Here at UTG, we recently added a weekly presentation to our office-wide Morning Meetings. Topics can be chosen by the presenter, and will focus on how we can grow and be better as an organization without necessarily having to stick to our typical, tech-focused presentations.
Knowing I have a presentation to make in the near future, I thought about the Myers-Briggs Type Indicator (MBTI), a personality test I had to take in college as part of a Professional Development class. I enjoy working with each of my coworkers as they all bring a different energy and approach to our work, and I figured the test could be an interesting and useful way to illustrate those differences, and could potentially lead to even better team communication.
I mentioned it to my boss who enthusiastically agreed (she was a Psych major after all) and I quickly emailed out a free version of the test to my colleagues. And then I got to thinking…
We’re doing these tests more for fun and as a jumping off point for discussion and collaboration. But, there are organizations, individuals, and schools of thought that take these tests very seriously. Conversely, there are those who completely dismiss the idea of using personality tests in the workplace.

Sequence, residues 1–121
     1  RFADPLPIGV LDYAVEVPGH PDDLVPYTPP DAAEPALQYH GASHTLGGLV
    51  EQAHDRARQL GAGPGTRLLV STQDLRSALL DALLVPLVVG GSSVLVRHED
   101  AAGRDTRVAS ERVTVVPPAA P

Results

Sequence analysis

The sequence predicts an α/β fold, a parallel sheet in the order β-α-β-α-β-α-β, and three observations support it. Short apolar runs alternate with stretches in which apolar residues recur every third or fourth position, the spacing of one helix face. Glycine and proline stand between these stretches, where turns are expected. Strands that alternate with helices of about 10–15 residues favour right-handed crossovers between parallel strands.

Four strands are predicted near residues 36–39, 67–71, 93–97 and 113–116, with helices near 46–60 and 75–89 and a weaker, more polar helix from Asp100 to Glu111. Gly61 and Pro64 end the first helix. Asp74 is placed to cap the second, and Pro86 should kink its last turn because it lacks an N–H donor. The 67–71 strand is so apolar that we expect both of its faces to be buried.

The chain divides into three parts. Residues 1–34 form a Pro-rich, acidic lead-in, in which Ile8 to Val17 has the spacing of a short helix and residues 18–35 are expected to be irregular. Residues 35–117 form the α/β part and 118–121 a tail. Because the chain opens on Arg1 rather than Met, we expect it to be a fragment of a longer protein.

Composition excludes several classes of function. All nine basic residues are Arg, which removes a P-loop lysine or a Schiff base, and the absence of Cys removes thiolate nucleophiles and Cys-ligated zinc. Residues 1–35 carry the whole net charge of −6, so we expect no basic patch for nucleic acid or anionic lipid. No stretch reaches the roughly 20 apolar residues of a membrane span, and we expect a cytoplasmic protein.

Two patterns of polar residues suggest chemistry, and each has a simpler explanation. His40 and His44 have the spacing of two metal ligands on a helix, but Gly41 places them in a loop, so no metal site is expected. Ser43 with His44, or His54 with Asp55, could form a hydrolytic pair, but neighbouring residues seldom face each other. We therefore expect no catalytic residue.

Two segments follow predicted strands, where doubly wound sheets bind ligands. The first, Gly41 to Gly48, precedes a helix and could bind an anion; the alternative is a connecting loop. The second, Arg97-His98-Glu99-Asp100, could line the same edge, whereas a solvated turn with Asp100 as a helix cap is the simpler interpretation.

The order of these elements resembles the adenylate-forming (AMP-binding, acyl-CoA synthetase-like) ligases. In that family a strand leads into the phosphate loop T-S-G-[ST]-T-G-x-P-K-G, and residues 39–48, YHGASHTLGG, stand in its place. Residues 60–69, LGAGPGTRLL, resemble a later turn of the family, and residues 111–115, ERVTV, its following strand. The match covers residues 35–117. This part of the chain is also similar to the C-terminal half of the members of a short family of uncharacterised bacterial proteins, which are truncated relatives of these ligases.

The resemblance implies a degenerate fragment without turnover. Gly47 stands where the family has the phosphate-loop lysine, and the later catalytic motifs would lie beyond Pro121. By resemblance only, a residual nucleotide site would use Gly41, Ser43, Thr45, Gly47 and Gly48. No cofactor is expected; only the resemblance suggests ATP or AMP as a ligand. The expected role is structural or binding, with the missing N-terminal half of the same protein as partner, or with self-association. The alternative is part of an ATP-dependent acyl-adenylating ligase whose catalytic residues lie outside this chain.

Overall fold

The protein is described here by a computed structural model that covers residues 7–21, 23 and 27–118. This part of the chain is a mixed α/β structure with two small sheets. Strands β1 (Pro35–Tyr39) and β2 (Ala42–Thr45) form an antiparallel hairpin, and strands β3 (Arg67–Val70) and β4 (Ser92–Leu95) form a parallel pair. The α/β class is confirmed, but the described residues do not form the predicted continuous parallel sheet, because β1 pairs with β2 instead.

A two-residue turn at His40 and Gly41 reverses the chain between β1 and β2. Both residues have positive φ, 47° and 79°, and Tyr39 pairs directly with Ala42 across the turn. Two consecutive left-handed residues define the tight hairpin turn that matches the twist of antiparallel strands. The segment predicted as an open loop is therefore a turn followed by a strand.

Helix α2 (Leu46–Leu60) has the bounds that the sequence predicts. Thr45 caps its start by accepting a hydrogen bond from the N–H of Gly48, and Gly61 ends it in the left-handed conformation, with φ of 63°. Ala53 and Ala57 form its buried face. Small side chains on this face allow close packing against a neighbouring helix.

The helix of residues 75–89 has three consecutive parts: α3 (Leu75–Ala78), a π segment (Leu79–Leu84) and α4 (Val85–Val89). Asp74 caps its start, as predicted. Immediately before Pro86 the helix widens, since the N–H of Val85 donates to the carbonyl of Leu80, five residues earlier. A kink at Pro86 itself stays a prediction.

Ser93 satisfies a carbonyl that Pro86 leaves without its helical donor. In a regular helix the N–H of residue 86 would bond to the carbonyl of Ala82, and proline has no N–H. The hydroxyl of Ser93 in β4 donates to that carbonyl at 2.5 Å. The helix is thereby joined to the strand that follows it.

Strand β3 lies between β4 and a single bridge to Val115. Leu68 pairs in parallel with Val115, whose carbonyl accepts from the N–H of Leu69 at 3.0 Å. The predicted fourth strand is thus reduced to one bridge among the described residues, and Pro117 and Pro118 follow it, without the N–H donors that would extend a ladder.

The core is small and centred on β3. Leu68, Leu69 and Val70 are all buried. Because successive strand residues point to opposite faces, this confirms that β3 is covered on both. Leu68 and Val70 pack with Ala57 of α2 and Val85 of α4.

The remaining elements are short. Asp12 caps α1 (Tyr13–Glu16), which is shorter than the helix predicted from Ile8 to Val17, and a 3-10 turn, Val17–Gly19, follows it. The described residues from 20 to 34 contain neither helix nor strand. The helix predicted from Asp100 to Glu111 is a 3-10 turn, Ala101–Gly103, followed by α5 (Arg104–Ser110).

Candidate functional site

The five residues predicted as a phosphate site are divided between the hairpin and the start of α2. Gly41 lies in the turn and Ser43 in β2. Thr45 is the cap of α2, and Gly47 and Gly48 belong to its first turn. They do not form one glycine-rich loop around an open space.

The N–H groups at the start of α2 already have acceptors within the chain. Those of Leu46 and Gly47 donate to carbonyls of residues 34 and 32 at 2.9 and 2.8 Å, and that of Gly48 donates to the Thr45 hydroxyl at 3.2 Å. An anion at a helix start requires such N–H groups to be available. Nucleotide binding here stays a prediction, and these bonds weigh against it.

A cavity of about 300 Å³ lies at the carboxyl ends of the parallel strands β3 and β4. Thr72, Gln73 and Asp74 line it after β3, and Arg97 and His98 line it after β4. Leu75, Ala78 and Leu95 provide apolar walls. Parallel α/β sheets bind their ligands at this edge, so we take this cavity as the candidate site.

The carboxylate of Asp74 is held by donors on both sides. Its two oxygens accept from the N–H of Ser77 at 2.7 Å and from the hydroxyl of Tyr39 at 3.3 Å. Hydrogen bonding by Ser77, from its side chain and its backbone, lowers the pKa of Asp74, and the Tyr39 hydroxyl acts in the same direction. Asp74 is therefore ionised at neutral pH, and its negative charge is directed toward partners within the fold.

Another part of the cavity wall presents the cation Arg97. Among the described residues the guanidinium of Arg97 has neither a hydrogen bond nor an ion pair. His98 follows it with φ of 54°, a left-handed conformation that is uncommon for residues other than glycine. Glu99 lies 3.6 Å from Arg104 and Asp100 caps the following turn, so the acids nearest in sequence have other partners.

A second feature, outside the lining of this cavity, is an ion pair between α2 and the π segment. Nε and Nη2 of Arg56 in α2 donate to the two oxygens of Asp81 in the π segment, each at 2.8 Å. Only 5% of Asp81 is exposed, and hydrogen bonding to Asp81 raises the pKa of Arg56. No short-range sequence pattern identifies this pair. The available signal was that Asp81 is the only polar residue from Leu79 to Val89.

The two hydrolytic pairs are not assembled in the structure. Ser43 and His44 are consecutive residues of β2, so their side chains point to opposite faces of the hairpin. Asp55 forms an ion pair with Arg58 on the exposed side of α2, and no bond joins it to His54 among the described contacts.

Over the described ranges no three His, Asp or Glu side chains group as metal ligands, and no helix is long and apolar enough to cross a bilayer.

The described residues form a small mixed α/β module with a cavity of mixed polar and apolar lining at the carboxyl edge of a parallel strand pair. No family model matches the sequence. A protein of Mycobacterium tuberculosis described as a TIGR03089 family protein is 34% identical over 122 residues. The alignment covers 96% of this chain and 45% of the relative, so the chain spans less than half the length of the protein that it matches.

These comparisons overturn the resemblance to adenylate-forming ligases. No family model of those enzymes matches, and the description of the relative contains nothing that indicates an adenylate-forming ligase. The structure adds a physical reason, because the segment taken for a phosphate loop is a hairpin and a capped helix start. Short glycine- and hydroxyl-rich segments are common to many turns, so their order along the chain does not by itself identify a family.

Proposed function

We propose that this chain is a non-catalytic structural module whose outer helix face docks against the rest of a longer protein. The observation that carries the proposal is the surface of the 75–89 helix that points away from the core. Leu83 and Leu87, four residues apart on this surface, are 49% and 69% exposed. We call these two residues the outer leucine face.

I decided to take a look into how these tests are put to use in the workplace and I’ll be honest, I’ve found pretty mixed reviews…
Looking in to this heavily analyzed topic, I found no shortage of articles and summaries touting the benefits of using the MBTI to ‘type’ employees. Some of the most common arguments for type-testing involved…
Almost immediately I found articles that agreed with my initial belief that the Myers-Briggs can bring about some positives in workplace communication. Elena Bajic said in an article for Forbes that personality-typing in an office can aid managers with team communications, “…because you will understand how each person works best and what they need to do their job well.” This made a lot of sense to me, as I’d come to the same conclusion regarding peer to peer communications, but I hadn’t previously considered the value it could add to manager-employee relations.
Promotes Differences as Valued
The MBTI also serves to highlight differences between team members, while taking care not to claim that any one type is inherently better than any other. This can be useful for organizations looking to diversify their teams and tactics. Using the Myers-Briggs to promote differences and diversity as organizational values, rather than trying to force homogeny, can bring about a more well-rounded approach to organizational goals.
Plays to Strengths
‘Typing’ employees can quickly provide a tangible set of strengths for each person, which can be invaluable to newly formed teams, or to those undertaking a new project. Understanding who in the office has a penchant for numbers, who is the most gregarious, or who is the most persuasive, means that teams can be built with efficiency and effectiveness in mind. Knowing your Analysts from your Diplomats can make short work of multi-faceted problems, and allows a company to avoid misallocating its workforce.
However, not all of the articles I read took a positive stance on MBTI. In fact, many were quick to point out the dangers of trying to boil down the complexities that comprise personality into 16 rigid categories. Some of the most salient reasons included…
Reliance on Self-Awareness